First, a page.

This collaborative element is crucial because Navisite, generally speaking, is most likely to be providing a platform on which the client is running their business applications. So when we’re recovering a situation, we’re only able to recover up to a certain layer. The client then has their application on top, which they in turn need to work to bring back online before the business issue is resolved. As an extension of your internal team, we treat it as a business problem and the incident isn’t over – and we’ll continue to advise and assist – until clients are completely restored to normal business operations.
Back up for bulldozers
No matter how or why it happened, Navisite needs to own the problem, communicate continually with the partners involved, identify why the problem has occurred and work with clients to ensure a return to full service. Quite often, it’s not something we could have foreseen or prevented: it might be a problem with the client’s own network, for example, or with the service from another provider. No matter: our engineers will offer their expertise and knowledge to help solve the issue.
Recently, for example, a client got in contact because they’d lost connectivity. After we’d looked into the matter and discovered no fault with our systems, it emerged that the cause was that their local telecoms provider had suffered a cut through some important fibre cables caused by an over zealous road maintenance team with a bulldozer!. Happily, we were actually able to help in this instance, by re-routing their connection through a different provider. That sort of solution might not always be possible, but it’s a good example of what it means when we say we’ll take ownership of problems raised.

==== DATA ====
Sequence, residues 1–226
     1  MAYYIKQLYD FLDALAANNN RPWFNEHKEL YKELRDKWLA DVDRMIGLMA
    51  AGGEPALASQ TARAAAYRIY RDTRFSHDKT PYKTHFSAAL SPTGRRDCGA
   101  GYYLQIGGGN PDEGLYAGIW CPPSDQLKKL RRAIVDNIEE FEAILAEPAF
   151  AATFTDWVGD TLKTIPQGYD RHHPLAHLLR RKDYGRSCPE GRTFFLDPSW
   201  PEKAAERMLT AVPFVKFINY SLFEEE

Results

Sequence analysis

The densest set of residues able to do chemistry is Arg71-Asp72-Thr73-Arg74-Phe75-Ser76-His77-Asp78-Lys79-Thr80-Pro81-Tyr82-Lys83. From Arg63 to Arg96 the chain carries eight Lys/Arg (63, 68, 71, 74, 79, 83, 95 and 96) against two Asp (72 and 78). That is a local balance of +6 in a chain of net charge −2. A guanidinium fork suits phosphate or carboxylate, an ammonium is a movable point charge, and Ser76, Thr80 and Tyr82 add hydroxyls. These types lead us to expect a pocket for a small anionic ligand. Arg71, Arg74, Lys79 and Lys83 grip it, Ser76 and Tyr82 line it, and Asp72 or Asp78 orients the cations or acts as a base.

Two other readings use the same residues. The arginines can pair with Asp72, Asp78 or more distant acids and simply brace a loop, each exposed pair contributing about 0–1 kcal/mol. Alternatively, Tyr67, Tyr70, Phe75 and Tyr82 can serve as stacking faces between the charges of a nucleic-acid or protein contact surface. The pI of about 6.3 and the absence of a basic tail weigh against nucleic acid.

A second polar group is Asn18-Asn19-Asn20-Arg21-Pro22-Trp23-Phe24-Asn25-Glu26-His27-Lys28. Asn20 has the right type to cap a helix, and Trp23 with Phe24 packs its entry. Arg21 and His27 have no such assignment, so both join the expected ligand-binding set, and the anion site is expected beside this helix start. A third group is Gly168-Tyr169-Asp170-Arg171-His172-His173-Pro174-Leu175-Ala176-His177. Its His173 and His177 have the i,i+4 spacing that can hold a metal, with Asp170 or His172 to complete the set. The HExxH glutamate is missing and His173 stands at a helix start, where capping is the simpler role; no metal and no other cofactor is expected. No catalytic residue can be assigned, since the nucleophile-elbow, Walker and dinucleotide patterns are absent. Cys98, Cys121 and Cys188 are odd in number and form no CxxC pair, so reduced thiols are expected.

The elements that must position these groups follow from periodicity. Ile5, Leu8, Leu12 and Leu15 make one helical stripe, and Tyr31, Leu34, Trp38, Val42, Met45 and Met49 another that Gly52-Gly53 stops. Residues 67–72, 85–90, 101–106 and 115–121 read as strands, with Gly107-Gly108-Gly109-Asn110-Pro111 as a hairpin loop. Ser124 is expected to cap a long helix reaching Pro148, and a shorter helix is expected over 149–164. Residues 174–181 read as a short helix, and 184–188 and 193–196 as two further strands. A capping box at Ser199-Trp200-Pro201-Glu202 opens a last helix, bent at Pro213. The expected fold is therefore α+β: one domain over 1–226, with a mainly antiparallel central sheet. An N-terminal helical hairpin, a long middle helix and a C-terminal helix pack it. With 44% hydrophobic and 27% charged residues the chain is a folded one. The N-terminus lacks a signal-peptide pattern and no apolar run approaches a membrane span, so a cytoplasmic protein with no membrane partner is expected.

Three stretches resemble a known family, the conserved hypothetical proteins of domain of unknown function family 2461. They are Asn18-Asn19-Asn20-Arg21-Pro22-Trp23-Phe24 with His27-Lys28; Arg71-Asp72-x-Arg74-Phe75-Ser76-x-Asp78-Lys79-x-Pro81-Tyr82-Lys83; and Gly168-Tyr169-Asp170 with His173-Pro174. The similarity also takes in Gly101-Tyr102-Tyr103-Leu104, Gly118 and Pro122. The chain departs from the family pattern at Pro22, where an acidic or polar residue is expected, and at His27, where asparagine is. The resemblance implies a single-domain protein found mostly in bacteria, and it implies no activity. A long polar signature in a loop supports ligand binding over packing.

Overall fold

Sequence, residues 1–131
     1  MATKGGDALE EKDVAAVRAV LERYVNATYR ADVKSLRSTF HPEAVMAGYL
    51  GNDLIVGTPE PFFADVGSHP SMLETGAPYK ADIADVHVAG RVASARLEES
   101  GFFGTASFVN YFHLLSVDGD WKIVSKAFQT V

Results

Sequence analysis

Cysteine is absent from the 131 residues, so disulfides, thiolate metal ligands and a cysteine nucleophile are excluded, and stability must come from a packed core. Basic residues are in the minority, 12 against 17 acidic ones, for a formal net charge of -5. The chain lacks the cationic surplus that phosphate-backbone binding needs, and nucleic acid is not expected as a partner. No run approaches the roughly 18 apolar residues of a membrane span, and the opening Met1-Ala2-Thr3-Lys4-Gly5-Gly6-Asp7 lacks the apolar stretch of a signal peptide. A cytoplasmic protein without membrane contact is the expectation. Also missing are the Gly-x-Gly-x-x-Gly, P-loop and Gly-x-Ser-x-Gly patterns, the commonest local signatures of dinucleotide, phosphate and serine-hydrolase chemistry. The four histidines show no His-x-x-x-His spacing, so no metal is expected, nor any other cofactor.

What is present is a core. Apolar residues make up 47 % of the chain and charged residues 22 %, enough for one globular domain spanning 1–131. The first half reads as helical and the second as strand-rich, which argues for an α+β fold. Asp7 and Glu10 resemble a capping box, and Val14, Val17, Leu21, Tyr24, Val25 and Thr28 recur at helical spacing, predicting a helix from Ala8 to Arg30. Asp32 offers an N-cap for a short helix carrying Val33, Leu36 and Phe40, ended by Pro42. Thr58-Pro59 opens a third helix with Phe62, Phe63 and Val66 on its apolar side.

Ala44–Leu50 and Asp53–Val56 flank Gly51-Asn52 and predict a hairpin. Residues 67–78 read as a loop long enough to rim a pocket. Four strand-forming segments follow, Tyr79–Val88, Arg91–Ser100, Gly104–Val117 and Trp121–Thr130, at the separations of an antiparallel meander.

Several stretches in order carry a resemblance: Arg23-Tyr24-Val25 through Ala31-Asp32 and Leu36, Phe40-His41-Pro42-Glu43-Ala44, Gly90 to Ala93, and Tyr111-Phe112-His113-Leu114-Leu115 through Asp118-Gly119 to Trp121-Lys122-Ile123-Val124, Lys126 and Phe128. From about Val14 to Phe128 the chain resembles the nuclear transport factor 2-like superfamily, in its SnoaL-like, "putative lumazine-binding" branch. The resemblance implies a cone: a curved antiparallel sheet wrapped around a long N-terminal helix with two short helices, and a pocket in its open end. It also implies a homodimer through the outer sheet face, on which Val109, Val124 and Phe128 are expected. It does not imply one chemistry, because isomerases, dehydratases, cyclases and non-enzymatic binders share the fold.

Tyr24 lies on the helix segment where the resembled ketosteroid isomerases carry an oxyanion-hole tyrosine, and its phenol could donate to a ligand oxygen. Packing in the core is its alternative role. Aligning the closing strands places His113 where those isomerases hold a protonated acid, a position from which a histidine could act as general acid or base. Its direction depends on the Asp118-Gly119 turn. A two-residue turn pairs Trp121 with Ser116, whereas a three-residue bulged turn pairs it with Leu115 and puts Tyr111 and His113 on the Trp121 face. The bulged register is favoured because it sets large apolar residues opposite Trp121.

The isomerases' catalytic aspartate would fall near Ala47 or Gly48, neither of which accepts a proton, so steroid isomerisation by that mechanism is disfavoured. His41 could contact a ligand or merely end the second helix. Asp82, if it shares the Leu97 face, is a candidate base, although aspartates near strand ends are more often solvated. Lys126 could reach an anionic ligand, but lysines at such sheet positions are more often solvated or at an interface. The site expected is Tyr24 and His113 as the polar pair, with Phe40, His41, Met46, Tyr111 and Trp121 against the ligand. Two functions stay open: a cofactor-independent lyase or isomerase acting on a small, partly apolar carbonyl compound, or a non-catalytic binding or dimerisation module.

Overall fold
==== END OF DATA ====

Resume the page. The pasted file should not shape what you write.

Maintaining trust and a good relationship is directly related to the level and quality of communication with a client during and after any incident, and it’s an area in which I believe Navisite excels. The hub of this is our Proximity portal, an all-in-one client gateway to interacting with Navisite and other IT partners. When an incident occurs, a ticket is raised on Proximity and then, as our engineers work on resolving the ticket, they give real-time updates through the system. These are the same records that we use internally, so it’s a totally transparent process.
At the other end of our incident communications cycle, once the incident is resolved, a report is created. Because these reports typically have different stakeholders in different levels of our clients’ businesses, there are actually two sections in the reports. The first is an executive summary for C-level executives: what happened, why and how it might be avoided in future. The second gives a full technical breakdown on everything that occurred and was discovered during the incident.
Will incident management ever get easier? I hope so. As we continue to rebuild our internal diagnostic tools and take account of improvements in the capabilities of technology, we’re finding more ways emerging to pre-empt incidents, to automatically schedule the replacement of components or the rebuilding of systems before anything happens. Stuff will continue to break, I’m sure – but if we can find ways to predict that, it’ll be a big jump forwards.